Considering a fixed rate mortgage, how will increasing each monthly payment (i.e. paying extra) impact the loans effective rate (ER)? Make sure to support your answer with a brief explanation and an example to illustrate your explanation.
People often want to pay-off their mortgages earlier than the actual specified term of the loan. Firstly, many people would like to be debt free while others are interested in having the mortgage paid off before retirement. Financially speaking, paying a mortgage earlier that the required time to have the after-tax returns on the investment to be lower than the effective rate of the mortgage. Effective interest rate comprises of all forms of realized benefits in terms of tax through deductions of interest on the mortgage. When a mortgage has a stated fixed interest rate say 4.5%, the effective interest rate might be within mid threes. However, this often depends on the tax bracket on which the borrower falls as well as his ability to utilize the deduction loophole. There is a mortgage magic when a borrower decides to increase the principal payment by a certain amount for a given period of time. Nevertheless, this magic is not found in reducing the interest expense for each month.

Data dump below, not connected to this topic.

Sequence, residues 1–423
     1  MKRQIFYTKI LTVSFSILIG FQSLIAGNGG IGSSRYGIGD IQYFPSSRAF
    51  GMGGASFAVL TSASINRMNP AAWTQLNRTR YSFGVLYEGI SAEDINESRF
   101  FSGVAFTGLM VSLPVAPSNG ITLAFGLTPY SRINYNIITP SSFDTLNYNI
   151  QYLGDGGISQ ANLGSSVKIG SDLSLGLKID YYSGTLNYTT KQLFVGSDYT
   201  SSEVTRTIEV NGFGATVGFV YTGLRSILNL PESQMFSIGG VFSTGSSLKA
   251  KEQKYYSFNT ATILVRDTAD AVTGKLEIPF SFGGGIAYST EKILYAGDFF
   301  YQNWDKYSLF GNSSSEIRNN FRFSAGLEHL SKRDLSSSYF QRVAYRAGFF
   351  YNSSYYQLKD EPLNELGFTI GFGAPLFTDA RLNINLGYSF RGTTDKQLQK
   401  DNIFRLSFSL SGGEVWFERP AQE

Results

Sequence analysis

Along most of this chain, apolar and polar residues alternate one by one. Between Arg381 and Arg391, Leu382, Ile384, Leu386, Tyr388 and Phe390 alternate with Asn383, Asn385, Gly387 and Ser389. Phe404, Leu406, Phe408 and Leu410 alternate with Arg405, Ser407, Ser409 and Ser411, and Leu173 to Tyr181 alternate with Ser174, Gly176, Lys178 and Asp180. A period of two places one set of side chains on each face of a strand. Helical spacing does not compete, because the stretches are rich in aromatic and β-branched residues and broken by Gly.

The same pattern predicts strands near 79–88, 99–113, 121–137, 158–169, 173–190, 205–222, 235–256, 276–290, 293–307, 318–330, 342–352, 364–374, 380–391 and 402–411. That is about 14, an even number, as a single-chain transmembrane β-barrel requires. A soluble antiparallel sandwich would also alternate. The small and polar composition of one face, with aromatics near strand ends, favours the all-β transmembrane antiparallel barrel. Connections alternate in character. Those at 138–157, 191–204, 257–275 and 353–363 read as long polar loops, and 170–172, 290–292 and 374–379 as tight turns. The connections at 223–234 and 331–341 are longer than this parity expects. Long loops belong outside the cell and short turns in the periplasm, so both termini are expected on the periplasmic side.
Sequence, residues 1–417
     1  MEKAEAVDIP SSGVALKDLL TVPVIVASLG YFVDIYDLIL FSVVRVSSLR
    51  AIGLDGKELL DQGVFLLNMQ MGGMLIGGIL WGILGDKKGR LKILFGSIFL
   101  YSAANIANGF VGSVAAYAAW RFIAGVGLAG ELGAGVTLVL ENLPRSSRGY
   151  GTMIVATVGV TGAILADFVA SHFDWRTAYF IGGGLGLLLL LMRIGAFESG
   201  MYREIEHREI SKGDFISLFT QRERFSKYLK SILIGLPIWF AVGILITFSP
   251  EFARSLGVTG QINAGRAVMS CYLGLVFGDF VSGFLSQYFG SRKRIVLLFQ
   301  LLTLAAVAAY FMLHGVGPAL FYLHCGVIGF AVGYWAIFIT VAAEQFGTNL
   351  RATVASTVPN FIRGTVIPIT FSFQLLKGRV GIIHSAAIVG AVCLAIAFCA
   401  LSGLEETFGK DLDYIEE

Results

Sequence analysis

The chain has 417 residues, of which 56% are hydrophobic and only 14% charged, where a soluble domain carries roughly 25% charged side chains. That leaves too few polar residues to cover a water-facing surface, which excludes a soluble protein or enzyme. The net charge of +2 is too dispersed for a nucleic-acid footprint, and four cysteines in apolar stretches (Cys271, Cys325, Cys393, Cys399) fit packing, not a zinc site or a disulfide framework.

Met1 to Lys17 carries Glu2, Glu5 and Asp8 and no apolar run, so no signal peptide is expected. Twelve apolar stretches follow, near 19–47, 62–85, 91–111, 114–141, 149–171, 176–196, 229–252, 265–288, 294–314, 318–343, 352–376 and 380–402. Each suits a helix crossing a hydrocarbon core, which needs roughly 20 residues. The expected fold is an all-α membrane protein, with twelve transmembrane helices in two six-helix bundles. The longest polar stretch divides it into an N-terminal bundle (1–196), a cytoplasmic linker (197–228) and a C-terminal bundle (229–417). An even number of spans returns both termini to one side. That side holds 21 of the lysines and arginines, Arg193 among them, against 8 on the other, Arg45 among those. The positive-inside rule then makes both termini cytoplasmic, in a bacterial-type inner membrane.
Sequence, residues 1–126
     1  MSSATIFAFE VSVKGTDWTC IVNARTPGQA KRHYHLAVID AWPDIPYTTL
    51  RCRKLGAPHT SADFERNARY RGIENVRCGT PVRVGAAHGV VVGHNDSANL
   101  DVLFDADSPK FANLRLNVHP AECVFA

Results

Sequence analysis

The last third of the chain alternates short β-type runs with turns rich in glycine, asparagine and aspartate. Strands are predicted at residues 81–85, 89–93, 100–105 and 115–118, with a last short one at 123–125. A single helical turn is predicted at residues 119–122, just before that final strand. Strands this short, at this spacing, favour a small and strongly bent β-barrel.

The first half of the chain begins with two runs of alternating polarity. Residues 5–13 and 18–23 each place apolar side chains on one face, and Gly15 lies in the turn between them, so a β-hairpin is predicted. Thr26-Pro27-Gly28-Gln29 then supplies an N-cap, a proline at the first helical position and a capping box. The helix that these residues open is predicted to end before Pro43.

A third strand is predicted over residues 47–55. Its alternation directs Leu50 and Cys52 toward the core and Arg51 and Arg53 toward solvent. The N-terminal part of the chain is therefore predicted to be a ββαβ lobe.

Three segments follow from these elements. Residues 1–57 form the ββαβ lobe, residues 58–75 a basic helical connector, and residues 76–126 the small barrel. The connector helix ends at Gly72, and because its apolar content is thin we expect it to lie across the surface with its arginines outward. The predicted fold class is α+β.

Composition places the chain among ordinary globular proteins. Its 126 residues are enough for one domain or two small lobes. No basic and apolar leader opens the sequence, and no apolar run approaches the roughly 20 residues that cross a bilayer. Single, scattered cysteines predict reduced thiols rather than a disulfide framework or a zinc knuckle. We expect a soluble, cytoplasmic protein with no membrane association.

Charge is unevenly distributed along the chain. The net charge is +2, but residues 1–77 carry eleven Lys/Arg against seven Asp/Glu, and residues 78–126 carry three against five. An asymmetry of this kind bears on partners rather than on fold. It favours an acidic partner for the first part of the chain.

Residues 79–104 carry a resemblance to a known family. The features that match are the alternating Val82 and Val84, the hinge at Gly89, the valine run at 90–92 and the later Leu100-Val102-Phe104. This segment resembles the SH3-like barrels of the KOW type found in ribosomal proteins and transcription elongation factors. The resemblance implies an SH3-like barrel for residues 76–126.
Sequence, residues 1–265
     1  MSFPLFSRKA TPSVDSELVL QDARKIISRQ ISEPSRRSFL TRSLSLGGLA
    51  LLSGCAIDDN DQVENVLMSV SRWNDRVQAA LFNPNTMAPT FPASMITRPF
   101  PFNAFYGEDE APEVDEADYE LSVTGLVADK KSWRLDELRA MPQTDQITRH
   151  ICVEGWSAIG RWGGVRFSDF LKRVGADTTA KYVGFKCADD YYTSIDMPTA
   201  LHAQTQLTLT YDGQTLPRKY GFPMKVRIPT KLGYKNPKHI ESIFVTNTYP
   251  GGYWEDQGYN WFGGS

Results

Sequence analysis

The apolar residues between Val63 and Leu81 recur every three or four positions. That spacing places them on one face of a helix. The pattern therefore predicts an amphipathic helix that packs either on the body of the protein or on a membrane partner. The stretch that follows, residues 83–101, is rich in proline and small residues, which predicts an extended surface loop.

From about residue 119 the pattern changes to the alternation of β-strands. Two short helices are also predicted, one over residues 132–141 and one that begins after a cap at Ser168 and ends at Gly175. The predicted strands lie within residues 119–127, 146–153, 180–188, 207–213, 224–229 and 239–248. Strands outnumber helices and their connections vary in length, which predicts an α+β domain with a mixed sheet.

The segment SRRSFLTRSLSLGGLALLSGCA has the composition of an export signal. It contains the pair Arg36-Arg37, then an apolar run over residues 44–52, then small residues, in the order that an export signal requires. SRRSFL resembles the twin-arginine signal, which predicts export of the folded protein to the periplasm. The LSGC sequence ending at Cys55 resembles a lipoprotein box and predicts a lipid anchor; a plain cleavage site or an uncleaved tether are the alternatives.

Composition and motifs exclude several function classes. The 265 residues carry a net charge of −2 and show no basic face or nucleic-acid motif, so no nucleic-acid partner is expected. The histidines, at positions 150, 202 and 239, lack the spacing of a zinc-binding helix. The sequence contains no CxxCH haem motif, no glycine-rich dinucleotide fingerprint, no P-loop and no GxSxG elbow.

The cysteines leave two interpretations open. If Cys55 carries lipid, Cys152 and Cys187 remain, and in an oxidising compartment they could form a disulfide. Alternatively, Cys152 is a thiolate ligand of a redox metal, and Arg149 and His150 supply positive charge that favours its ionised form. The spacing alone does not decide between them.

The interest payments on a mortgage are determined by the outstanding loan balance at each given period. Therefore, if a person decides to pay an extra amount above the fixed payment, it means that there is a lower outstanding amount that can have outstanding implications on the effective interest rate of the mortgage. Furthermore, the interest payments can be greatly reduced when one decides to pay an extra amount above the fixed payment for the loan. For example, if a person borrows a mortgage of $100,000 at an interest rate of 4.5% and with a fixed loan term of 360 months, he can decide to go on with this plan and pay $506.69 per month. On the other hand, an individual can decide to pay an extra $100 on the principle monthly payment. With the initial plan of just $506.69, the borrower will have an accumulated interest expense of $82,406.71 compared to the plan of increasing the principal payment by $100 whereby the total interest expense is $56,028.95.

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